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NC Budget and Tax Center, Poverty and Policy Matters

Unless lawmakers reverse course, nearly one million North Carolina families will claim the state Earned Income Tax Credit (EITC) for the last time this tax season—one year after Gov. McCrory signed a bill ending the tax credit, according to a new report from the NC Budget and Tax Center.

In 2013, North Carolina lawmakers put an end to the state EITC, which helps low-wage workers keep more of their income so they can afford basic necessities, like child care, while pursuing deep tax cuts that primarily benefit wealthy individuals and profitable corporations. Combined with the income tax cuts that benefit the wealthy, the loss of the state EITC tilts the tax system even more out of balance. The state’s tax system already asked more from low- and middle-income families than it did from those earning the most, and this makes the disparity even worse. The resulting tax shift is neither true tax reform nor good for North Carolina’s economy. Read More

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The state health agency plans to close three Eastern North Carolina offices that provide services for developmentally disabled infants and toddlers, a move that will eliminate an estimated 170 state jobs by July.

Documents obtained by N.C. Policy Watch show that budget cuts prompted the N.C. Department of Health and Human Services’ Early Intervention Program to call for the closure of three children’s developmental services agencies in New Bern, Rocky Mount and Wilmington.

The state agency will expand an existing contract with East Carolina University’s School of Medicine to continue providing services to families in the 21 affected counties, according to a Feb. 10 strategic plan written by Dr. Robin Cummings, the state’s acting health director, and obtained by N.C. Policy Watch.

ECU already has a contract with DHHS to provide early intervention services for several counties in the Greenville area.

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From the good folks at the NC Alliance for Health:

Raleigh – Fifteen years after the 1998 state tobacco settlement, North Carolina ranks 45th in the nation in funding programs to prevent kids from smoking and help smokers quit, according to a national report released by a coalition of public health organizations.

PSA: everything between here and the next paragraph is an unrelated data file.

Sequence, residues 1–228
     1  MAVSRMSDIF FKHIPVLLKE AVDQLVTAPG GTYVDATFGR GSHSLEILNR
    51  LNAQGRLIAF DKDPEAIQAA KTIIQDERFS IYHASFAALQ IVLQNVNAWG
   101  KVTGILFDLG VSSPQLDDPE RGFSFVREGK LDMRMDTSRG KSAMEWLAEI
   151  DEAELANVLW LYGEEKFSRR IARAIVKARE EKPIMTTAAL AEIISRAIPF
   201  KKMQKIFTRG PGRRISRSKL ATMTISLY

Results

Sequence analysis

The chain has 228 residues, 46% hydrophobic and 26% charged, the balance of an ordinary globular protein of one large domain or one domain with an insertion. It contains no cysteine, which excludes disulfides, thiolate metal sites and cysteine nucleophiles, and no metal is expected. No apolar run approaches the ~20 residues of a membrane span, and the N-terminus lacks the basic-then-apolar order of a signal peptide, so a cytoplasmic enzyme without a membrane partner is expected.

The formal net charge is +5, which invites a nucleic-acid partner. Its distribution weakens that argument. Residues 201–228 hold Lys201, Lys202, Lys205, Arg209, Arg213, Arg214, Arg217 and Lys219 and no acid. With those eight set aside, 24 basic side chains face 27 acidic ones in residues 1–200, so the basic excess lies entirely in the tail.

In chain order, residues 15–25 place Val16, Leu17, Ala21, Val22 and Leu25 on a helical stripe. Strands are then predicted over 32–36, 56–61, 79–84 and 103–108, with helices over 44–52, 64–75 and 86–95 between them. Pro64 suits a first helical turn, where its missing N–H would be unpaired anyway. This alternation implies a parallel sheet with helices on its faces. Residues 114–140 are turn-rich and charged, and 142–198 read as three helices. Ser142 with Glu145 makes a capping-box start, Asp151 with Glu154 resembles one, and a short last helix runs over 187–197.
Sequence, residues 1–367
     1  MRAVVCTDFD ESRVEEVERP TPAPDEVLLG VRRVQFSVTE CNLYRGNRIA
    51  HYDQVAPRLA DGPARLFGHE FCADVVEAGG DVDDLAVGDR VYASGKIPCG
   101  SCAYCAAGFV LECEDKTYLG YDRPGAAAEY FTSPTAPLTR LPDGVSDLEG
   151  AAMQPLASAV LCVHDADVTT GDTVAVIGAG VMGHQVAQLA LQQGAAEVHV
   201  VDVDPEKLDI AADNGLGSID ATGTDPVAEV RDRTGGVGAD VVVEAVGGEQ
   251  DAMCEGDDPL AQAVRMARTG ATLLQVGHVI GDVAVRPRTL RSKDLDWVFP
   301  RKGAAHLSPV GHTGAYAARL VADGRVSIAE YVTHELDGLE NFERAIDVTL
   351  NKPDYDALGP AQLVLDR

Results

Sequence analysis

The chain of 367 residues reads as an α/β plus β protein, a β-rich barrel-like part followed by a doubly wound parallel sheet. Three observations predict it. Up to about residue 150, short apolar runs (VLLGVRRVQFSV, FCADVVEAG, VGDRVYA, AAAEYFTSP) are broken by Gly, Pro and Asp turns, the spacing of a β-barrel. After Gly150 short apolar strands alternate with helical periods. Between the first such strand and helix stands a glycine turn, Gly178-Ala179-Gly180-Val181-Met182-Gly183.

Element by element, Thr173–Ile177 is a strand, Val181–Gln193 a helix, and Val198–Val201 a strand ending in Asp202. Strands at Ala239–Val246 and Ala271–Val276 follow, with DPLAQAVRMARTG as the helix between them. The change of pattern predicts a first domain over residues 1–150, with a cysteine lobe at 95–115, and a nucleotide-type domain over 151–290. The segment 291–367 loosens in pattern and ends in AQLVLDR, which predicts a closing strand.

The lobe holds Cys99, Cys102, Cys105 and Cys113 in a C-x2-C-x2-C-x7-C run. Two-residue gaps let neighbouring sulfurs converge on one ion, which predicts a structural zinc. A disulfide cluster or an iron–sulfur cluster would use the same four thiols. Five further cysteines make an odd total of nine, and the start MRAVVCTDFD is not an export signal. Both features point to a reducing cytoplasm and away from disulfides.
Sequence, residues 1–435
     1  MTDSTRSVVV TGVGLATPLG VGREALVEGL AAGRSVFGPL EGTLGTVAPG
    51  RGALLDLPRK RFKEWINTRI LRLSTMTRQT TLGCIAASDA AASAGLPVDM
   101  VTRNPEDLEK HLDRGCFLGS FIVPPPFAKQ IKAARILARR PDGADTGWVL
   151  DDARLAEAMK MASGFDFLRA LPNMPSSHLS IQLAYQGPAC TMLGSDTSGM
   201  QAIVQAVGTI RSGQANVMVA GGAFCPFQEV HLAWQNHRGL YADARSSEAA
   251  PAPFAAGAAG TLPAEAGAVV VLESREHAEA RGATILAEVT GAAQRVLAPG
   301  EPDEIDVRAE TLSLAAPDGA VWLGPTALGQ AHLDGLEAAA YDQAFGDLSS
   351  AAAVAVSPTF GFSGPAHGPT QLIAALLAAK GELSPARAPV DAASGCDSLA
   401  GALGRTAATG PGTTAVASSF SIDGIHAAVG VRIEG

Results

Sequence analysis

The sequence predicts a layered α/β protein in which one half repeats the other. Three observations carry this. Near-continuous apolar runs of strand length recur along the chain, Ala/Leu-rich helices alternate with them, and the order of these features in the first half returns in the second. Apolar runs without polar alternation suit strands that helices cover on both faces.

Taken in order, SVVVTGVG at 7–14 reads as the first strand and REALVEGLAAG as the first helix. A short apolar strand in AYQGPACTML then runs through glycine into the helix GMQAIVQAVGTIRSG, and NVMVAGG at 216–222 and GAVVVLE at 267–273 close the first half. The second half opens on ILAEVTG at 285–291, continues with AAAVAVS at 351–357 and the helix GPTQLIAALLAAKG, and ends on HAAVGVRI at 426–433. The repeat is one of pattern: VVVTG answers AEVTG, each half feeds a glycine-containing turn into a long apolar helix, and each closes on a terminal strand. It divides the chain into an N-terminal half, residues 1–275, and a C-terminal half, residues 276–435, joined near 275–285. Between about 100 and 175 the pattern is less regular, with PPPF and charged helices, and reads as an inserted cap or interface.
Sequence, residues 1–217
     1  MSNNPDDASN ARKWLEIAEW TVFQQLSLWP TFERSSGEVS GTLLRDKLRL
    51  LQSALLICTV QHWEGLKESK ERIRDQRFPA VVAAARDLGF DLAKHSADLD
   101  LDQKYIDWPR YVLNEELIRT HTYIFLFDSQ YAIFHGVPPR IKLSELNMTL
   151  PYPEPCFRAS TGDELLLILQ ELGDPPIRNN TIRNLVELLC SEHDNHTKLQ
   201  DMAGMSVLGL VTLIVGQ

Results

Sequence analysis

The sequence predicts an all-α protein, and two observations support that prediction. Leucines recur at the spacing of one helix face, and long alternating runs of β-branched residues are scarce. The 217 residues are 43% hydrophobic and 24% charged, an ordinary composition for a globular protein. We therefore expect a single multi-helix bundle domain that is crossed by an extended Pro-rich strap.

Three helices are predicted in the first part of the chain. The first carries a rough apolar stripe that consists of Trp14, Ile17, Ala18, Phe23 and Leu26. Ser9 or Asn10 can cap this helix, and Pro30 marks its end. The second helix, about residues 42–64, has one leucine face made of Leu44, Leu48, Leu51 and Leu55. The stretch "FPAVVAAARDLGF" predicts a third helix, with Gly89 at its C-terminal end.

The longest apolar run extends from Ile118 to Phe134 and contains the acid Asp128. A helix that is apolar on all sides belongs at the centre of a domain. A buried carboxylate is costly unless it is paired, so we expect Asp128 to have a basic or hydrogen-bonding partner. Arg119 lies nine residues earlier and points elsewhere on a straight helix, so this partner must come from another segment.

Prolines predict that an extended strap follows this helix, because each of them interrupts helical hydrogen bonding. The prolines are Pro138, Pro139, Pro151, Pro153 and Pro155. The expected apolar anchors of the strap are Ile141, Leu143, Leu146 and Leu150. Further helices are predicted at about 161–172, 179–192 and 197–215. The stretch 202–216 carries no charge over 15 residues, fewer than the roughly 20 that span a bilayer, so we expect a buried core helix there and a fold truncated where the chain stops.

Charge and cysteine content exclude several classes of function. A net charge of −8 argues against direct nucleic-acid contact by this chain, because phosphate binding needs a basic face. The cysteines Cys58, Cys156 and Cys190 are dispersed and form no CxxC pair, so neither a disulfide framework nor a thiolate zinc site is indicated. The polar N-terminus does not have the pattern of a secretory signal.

North Carolina currently spends $1.2 million a year on tobacco prevention and cessation programs, which is 1.1 percent of the $106.8 million recommended by the Centers for Disease Control and Prevention (CDC). Read More

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If you get a chance, check out this Charlotte Observer editorial on the state Supreme Court’s recent ruling on the North Carolina’s still badly inadequate pre-Kindergarten effort. As the editorial notes:

Berger pre-K“We’re a little puzzled by the fist-pumping from Republicans in Raleigh last week after the N.C. Supreme Court tossed out a case involving the legislature and the state’s pre-K program.

The court, in a six-page decision, dismissed an appeal of a 2011 lower-court ruling that said the Republican-led legislature had violated a constitutional mandate by making it harder for at-risk children to participate in pre-K. The court also vacated that lower-court ruling because Republicans undid the two things that landed them in court in the first place – capping pre-K enrollment and initiating a co-pay for some eligible families. Read More

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Speaking of anniversaries, the fine advocacy group Action for Children North Carolina celebrated its 30th last week. Executive Director Deborah Bryan sent us the following essay in contemplation of the event.  

Supporting Our Children’s Past, Present and Future

Since 1983, North Carolinians have raised millions of children–and we have millions more to go. Each in a small but real way holds the state’s future in his or her hands. Action for Children North Carolina exists to give them every opportunity to succeed. The last 30 years points the way for the decades to come.

Action for Children’s network of support has ensured that the voices of our children are heard in local and state government, school districts and even our state’s juvenile and adult correctional facilities.

Our advocates have worked tirelessly to:

*expand Health Choice to cover more than 140,000 children;

*ensure the passage of critical child safety laws like the booster seat law and the child bicycle safety act;

*orchestrate the ban of corporal punishment in nearly all of North Carolina’s school districts; and

*help lift nearly 300,000 North Carolinians, half of whom were children, above the federal poverty line through passage of the Earned Income Tax Credit–all successes we achieved together.

Even with all of these accomplishments, our work is far from complete. Read More